March 22, 2004
Centralisers to be sacked - but will centralisation diminish?

The government is continuing to do something about education. Now the something that it is doing is that it is going to sack a lot of the people whom it had previously hired to do all its previous somethings:

Did the Budget signal a change in the government's attitudes to schools and colleges?

Are ministers about to trust schools and teachers to do their own thing? Is there about to be a bonfire of targets?

The decision to give more money directly to head teachers while, at the same time, cutting the number of jobs in the ministry could certainly be spun into a message which suggest that the days of "Whitehall knows best" are over.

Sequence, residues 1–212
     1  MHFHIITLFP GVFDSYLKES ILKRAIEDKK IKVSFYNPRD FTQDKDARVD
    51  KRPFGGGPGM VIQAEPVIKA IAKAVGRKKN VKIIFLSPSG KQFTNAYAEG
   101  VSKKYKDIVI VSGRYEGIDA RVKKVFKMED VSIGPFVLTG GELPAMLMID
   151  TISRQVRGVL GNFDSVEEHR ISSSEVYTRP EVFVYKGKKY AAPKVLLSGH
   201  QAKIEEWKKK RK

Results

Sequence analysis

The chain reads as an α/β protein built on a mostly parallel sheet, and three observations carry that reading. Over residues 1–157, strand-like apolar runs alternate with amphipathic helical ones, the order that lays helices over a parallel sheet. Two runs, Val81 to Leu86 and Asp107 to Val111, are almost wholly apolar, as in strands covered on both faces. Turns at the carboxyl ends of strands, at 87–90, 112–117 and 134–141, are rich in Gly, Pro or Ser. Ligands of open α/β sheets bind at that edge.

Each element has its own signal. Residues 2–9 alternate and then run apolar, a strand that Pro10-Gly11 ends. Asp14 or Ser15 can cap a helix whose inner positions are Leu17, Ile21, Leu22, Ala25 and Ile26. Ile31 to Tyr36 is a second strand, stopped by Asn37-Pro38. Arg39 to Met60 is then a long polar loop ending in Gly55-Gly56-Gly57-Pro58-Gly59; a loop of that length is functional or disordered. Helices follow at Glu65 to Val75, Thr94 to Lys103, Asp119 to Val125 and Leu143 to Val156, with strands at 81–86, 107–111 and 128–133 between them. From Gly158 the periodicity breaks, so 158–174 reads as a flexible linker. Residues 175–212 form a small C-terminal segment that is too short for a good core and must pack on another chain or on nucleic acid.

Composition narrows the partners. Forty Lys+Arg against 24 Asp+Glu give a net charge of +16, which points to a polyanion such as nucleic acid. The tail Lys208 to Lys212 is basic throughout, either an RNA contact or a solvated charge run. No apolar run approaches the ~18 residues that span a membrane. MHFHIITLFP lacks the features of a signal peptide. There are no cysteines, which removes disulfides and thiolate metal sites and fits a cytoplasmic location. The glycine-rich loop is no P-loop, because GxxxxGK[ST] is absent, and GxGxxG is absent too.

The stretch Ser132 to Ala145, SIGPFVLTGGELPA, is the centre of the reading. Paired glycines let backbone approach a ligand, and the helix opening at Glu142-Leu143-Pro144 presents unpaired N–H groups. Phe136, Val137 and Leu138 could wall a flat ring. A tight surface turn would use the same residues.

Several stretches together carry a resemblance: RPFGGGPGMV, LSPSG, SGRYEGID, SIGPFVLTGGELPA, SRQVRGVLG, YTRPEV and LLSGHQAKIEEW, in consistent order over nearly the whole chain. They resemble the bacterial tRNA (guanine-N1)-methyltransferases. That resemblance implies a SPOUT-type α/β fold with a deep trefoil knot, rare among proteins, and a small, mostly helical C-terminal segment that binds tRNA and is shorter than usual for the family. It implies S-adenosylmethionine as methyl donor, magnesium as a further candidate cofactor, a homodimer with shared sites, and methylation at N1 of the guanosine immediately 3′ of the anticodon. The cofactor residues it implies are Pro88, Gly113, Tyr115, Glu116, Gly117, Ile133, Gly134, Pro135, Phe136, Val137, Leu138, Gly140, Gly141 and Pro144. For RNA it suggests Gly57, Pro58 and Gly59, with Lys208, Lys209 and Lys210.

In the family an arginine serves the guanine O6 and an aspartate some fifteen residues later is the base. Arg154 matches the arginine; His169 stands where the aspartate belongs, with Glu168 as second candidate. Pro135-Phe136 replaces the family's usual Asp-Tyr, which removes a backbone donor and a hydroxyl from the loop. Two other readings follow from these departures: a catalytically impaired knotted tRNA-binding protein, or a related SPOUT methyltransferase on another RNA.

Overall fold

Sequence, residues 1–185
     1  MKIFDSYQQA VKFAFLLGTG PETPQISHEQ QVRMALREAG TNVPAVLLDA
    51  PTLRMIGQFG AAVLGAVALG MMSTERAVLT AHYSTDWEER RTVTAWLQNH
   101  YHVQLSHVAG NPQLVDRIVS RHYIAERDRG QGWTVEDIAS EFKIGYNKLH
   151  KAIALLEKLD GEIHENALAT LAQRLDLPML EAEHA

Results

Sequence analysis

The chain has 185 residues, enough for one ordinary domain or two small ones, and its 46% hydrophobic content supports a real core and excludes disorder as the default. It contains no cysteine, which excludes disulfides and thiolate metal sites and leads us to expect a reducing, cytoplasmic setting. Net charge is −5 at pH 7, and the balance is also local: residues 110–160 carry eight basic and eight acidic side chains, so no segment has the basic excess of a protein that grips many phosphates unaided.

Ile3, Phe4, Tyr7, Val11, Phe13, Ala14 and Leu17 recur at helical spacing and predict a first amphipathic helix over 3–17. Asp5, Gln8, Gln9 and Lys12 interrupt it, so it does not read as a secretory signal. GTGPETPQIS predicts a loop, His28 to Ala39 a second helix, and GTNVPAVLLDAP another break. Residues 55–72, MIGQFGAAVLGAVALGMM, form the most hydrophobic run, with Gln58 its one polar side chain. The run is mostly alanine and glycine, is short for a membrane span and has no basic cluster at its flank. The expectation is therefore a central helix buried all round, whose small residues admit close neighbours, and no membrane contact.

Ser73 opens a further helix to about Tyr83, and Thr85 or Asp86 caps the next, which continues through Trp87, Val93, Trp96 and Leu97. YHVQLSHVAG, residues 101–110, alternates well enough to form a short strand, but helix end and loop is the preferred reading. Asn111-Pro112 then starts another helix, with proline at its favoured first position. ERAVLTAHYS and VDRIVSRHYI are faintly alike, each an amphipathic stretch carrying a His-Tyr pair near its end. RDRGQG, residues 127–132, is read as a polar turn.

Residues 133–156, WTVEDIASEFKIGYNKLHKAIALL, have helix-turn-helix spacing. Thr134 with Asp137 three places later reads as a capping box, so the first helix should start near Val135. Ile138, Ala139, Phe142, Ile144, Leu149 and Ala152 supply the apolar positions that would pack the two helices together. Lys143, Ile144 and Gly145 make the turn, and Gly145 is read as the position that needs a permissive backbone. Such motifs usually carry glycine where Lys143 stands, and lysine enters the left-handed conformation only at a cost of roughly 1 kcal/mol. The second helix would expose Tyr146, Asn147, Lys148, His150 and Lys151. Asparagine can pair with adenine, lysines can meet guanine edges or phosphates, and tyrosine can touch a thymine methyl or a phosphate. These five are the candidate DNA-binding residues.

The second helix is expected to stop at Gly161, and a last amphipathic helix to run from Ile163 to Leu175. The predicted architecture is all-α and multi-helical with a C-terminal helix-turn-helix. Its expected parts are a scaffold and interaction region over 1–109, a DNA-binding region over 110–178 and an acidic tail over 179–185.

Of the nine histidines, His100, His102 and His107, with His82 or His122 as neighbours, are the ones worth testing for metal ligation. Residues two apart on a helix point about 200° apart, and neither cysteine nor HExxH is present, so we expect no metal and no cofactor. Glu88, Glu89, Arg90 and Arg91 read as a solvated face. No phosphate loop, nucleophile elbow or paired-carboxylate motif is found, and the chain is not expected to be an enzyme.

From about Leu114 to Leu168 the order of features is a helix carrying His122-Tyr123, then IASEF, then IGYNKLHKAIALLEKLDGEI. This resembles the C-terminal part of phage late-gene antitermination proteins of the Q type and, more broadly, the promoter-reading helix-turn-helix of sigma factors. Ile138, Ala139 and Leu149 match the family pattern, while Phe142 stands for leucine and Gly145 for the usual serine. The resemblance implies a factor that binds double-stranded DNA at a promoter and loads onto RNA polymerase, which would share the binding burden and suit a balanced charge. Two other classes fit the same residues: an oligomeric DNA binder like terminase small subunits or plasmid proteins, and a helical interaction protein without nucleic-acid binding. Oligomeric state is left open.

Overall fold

It was certainly a bad day for the staff of the Department for Education and Skills: 31% of them will lose their jobs by 2008. That is 1,460 fewer headquarters civil servants.

If they could all be retrained as teachers - preferably of maths, IT or foreign languages - Gordon Brown would have made a useful contribution to solving the teacher shortage too.

I can't see these people ever wanting to be teachers. They, more than anyone, know what torments the government now heeps on teachers for they now do the heeping.

Here's my prediction. The targets and initiatives will remain in place. But, it will now be even more impossible for schools to get straight answers from the DfES about whether the DfES agrees that your school has met these targets and done its duty by these initiatives, and thus whether your school is therefore entitled to the money which meeting these targets and acting on these initiatives ought theoretically to entitle it to. And once the DfES has finally agreed that you are entitled to the money, there will be even more agonisingly prolonged delays than there are now before you actually do get the money.

Posted by Brian Micklethwait at 01:03 AM
Category: Politics